New Mandatory Electrical Safety Checks in the Private Rental Sector
Landlords are continuing to face ever more stringent regulation in the private rental sector. In 2019 the Tenant Fees Act banned many letting fees and placed caps on tenancy deposits. Statistics show that in England in 2019 there were 4.55 million households occupied by private renters.
The private rental market remains robust in the UK with no signs of change as property prices remain high and out of reach for many. Renting rather than buying is also a conscious decision with many renters satisfied with their rental property and with no intention of purchasing their own home. Although landlords may feel squeezed with the raft of legislation, protecting both landlords and renters alike ensures a sector that continues to flourish.
Requiring approval from the House of Commons and the House of Lords, The Electrical Safety Standards in the Private Rented Sector (England) were laid out in parliament on 12th January 2020. The proposed legislation proposes electrical checks every five years.
The Electrical Safety Standards in the Private Rented Sector (England) proposal includes
- Electrical installations to be tested and inspected by a qualified person prior to a tenancy starting.
- Installation to be tested every five years thereafter.
- Existing tenancies will need to be tested and then every five years thereafter.
- Regulations apply to all properties in the private rental sector including HMOs.
The landlord must
- Receive a written report from the qualified inspector including results and date of next inspection.
- Supply a copy of the report to each tenant within 28 days.
- Supply a copy to the local authority within 7 days, if requested.
- Keep the report safe and supply it to the inspector on the next inspection date.
If it is a new tenancy the landlord must
- Supply the report to the new tenant prior to occupancy.
- Supply a copy of the report to prospective tenants within 28 days where requested.
When Will this take Effect?
Proposed dates for commencement are 1st July 2020, rolling out over 9 months until 1st April 2021 for existing tenancies.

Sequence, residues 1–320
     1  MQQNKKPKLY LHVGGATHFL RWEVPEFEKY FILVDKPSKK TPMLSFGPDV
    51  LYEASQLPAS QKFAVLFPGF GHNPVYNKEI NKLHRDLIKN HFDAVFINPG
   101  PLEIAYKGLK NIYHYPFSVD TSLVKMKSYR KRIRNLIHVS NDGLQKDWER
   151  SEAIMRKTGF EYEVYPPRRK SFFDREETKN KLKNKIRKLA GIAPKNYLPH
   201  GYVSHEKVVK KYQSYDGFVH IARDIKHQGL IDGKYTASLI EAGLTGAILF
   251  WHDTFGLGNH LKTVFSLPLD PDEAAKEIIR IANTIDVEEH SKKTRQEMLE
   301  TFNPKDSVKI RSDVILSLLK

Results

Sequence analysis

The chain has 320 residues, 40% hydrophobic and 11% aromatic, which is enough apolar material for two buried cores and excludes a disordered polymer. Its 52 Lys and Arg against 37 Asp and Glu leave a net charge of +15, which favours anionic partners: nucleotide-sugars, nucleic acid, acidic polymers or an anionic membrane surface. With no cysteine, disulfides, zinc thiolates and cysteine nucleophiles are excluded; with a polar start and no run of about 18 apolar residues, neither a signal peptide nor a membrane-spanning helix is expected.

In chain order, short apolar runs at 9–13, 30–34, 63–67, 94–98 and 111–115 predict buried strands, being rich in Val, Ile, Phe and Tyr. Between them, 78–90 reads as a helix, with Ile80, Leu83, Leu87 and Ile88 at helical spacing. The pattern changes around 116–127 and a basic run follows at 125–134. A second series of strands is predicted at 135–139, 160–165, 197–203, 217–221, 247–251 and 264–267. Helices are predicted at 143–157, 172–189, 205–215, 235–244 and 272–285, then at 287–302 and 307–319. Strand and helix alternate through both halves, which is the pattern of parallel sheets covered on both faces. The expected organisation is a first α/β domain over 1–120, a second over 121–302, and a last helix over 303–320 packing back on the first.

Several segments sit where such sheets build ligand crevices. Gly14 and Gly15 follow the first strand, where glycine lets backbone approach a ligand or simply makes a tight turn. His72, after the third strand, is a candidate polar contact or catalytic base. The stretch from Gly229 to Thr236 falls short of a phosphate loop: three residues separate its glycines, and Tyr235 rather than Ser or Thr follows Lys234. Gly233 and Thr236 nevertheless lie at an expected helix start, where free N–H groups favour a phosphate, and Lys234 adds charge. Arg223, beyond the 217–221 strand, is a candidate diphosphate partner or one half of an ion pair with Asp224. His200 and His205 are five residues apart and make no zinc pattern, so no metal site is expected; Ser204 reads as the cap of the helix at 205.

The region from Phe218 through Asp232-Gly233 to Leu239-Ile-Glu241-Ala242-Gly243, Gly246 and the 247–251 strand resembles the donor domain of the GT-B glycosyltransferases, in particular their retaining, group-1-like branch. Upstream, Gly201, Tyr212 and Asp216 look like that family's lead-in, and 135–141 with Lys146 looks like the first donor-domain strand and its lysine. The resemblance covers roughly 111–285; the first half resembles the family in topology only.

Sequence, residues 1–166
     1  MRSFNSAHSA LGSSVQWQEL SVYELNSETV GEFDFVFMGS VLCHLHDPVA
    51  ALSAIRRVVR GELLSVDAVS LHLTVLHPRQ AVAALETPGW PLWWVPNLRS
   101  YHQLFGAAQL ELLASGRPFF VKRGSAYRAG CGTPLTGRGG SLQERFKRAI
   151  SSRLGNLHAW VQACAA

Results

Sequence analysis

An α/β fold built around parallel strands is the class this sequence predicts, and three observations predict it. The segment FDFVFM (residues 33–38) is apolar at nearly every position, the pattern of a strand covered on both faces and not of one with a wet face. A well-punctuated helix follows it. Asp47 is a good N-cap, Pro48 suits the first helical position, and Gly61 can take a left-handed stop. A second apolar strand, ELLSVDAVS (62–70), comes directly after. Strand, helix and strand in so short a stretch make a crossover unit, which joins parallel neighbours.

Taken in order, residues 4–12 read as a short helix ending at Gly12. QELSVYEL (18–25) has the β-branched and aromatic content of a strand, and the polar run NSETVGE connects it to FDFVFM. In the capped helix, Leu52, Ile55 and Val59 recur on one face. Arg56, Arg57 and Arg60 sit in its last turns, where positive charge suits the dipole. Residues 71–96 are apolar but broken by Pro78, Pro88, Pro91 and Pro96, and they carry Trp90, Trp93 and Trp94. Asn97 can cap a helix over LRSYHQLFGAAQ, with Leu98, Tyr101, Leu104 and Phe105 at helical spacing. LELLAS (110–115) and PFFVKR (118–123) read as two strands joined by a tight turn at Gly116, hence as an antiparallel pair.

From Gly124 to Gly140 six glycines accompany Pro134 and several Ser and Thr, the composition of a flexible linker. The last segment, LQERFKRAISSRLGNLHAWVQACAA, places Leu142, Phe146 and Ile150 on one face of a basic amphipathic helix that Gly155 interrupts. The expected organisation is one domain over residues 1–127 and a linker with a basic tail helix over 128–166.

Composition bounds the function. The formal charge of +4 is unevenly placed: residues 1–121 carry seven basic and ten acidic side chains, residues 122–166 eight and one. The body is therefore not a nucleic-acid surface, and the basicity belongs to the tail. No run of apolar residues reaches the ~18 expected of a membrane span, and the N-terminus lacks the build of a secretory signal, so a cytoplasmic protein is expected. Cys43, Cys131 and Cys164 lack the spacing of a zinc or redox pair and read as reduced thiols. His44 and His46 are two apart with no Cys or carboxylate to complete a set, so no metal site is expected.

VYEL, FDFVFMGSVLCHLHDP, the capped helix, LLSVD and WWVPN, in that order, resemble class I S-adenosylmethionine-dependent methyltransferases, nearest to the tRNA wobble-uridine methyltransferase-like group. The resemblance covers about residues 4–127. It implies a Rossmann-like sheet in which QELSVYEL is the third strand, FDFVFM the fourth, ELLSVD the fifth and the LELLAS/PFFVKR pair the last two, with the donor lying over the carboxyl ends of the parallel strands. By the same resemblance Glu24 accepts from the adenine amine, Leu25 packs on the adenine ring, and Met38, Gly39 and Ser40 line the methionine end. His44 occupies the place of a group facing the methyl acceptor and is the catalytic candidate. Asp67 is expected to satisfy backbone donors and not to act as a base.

Failure to comply with regulations could result in a fine of up to £30,000.
Many landlords will already carry out regular inspections, given their commitment to provide safe and quality housing for their tenants. Currently the proposed legislation does not make recommendation for re-inspection when tenants change within the five year period.
If your property is already covered by an Electrical Installation Certificate which has not expired you do not need to re-inspect until the expiry date stated on the current certificate.
What Needs to be Tested?
The regulations define electrical installations as fixed cables or equipment on the consumer’s side of the electricity meter. Examples of what is included:
- Storage Heaters
- Freestanding electrical appliances like fridges
- Typically anything that requires a plug and socket
As a landlord what can you expect the report to say?
C1 or C2
This means something has failed and work is required. Once the work is completed you will be issued with a Minor Electrical Installation Works Certificate to demonstrate the necessary work has been done. A satisfactory certificate will not be issued until the next inspection or until you choose to undertake another full re-test, this will incur further costs.
Improvements recommended but does not require immediate work to pass.
If the property successfully passes the inspection you will be issued with a full certificate.
Any improvement work is required to be completed within 28 days.
If you want to keep ahead of appliance testing the HSE has produced a useful guide. Conveyancing Supermarket are committed to producing useful guides for all aspects of the property buying and selling market. If you are starting out as a property investor you might find our buy-to-let guide useful. Our experts are on hand should you need help or advice.